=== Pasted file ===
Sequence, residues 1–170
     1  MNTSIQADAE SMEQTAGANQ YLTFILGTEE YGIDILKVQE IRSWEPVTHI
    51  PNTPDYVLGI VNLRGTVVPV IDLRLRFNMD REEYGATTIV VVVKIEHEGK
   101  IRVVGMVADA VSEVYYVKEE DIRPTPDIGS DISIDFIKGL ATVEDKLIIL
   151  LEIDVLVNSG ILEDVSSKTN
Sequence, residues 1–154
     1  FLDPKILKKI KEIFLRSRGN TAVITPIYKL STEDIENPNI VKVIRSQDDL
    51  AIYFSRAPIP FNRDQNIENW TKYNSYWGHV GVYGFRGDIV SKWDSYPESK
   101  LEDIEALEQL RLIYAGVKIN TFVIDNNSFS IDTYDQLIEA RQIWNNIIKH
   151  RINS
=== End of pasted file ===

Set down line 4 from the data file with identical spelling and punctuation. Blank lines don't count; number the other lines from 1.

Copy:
   101  IRVVGMVADA VSEVYYVKEE DIRPTPDIGS DISIDFIKGL ATVEDKLIIL